Rather than looking at an example of the washer method with the
$y\text{-axis}$ as the axis of revolution, we now consider an example in which the axis of revolution is a line other than one of the two coordinate axes. The same general method applies, but you may have to visualize just how to describe the cross-sectional area of the volume.
The washer method with a different axis of revolution
Find the volume of a solid of revolution formed by revolving the region bounded above by
$f\left(x\right)=4-x$ and below by the
$x\text{-axis}$ over the interval
$\left[0,4\right]$ around the line
$y=\mathrm{-2}.$
The graph of the region and the solid of revolution are shown in the following figure.
We can’t apply the volume formula to this problem directly because the axis of revolution is not one of the coordinate axes. However, we still know that the area of the cross-section is the area of the outer circle less the area of the inner circle. Looking at the graph of the function, we see the radius of the outer circle is given by
$f\left(x\right)+2,$ which simplifies to
$f\left(x\right)+2=\left(4-x\right)+2=6-x.$
The radius of the inner circle is
$g\left(x\right)=2.$ Therefore, we have
Find the volume of a solid of revolution formed by revolving the region bounded above by the graph of
$f\left(x\right)=x+2$ and below by the
$x\text{-axis}$ over the interval
$\left[0,3\right]$ around the line
$y=\mathrm{-1}.$
Definite integrals can be used to find the volumes of solids. Using the slicing method, we can find a volume by integrating the cross-sectional area.
For solids of revolution, the volume slices are often disks and the cross-sections are circles. The method of disks involves applying the method of slicing in the particular case in which the cross-sections are circles, and using the formula for the area of a circle.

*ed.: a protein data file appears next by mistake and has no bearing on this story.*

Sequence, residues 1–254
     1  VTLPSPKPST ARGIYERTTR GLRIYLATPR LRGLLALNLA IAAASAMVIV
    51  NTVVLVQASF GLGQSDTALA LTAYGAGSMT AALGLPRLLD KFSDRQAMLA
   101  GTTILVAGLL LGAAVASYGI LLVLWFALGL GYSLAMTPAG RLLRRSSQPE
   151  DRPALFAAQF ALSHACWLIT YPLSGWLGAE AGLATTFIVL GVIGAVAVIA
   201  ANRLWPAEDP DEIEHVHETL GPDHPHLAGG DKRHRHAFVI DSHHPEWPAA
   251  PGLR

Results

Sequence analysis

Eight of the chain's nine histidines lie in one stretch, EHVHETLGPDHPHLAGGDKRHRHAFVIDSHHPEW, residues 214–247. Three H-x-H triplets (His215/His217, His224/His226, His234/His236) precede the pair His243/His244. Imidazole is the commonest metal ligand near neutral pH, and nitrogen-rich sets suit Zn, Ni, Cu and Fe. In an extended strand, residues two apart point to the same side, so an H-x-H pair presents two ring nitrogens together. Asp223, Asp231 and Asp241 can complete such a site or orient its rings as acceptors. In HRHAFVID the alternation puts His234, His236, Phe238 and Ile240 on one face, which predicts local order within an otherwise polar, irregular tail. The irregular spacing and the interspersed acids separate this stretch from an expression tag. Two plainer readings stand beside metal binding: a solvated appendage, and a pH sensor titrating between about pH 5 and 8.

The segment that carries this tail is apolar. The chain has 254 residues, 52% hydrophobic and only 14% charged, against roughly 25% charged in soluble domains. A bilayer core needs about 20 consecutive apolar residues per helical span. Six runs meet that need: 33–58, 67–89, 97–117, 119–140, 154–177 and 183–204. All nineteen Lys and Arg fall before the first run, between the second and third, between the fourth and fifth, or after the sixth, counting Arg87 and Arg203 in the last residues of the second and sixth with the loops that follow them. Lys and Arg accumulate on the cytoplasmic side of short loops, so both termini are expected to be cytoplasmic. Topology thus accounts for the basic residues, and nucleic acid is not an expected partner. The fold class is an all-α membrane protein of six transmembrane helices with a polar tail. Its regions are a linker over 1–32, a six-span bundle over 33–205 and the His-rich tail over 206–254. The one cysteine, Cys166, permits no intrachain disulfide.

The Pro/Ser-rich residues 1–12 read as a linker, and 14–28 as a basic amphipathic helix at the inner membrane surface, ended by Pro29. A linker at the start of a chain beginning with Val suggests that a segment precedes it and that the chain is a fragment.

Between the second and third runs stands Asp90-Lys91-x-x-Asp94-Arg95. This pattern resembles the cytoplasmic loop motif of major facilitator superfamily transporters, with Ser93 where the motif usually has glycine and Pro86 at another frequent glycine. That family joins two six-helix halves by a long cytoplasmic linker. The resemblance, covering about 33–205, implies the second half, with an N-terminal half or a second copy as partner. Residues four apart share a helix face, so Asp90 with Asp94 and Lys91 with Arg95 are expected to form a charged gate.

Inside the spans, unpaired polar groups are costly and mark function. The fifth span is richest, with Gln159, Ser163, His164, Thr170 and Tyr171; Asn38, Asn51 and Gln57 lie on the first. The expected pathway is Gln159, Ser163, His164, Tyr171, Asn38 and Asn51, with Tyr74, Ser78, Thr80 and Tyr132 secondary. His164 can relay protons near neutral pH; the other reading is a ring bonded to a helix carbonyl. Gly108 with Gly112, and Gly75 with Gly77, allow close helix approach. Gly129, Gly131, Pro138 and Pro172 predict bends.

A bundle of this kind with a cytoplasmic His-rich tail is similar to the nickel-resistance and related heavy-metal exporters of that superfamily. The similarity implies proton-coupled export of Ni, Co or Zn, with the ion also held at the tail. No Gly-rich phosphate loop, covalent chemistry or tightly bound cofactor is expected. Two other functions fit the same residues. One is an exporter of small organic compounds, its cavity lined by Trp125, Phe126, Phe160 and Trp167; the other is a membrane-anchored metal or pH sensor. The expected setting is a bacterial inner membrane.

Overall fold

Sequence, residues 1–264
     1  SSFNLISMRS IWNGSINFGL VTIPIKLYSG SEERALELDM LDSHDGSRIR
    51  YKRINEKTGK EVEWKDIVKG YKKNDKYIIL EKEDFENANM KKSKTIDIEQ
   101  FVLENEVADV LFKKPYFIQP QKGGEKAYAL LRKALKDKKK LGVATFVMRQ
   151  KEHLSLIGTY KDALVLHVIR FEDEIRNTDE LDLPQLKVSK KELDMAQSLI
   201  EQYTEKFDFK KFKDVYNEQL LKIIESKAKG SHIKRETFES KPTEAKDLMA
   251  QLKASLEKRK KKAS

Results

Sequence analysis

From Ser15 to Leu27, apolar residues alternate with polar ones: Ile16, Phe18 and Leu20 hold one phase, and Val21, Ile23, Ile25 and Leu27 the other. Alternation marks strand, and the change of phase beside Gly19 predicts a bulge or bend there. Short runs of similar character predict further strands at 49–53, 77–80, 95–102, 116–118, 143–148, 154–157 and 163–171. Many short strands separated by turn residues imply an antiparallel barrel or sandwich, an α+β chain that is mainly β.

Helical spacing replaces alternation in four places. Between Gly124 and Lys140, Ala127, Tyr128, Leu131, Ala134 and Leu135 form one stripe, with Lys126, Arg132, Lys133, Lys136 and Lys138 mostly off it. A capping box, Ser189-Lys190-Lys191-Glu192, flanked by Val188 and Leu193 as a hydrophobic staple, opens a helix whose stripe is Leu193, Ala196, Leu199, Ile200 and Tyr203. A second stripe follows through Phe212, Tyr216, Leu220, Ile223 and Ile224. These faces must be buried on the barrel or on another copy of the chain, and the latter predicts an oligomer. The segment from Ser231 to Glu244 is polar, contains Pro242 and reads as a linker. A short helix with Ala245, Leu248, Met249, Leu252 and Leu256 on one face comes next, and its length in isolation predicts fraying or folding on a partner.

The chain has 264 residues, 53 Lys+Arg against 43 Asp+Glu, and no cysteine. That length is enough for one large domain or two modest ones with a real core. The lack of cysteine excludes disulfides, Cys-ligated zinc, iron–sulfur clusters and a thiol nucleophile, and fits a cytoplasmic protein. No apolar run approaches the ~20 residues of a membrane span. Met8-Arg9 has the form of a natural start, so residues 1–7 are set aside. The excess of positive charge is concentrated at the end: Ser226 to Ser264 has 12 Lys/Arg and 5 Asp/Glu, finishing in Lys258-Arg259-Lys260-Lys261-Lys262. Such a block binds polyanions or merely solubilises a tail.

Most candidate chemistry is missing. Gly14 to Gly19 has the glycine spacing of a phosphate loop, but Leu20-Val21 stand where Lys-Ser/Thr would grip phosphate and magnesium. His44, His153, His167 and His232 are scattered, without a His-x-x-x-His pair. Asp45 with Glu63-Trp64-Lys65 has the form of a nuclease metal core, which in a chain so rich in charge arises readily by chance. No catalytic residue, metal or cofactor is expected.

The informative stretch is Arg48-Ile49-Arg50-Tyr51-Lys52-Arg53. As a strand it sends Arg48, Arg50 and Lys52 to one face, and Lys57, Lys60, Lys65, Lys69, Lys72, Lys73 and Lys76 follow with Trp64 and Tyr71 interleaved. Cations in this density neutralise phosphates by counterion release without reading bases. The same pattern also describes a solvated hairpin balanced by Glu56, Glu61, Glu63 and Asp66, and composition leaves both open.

If a solid of revolution has a cavity in the center, the volume slices are washers. With the method of washers, the area of the inner circle is subtracted from the area of the outer circle before integrating.
Key equations
Disk Method along the
x -axis $V={\displaystyle {\int}_{a}^{b}\pi {\left[f\left(x\right)\right]}^{2}dx}$
Disk Method along the
y -axis $V={\displaystyle {\int}_{c}^{d}\pi {\left[g\left(y\right)\right]}^{2}dy}$
Hello please can someone tell me the meaning of this group all about, yes I know is calculus group but yet nothing is showing up
Shodipo
You have downloaded the aplication Calculus Volume 1, tackling about lessons for (mostly) college freshmen, Calculus 1: Differential, and this group I think aims to let concerns and questions from students who want to clarify something about the subject.
Well, this is what I guess so.
A conical container of radius 10 ft and height 30 ft is filled with water to a depth of 15 ft. How much work is required to pump all the water out through a hole in the top of the container if the unit weight of the water is 62.4 lb/ft^3?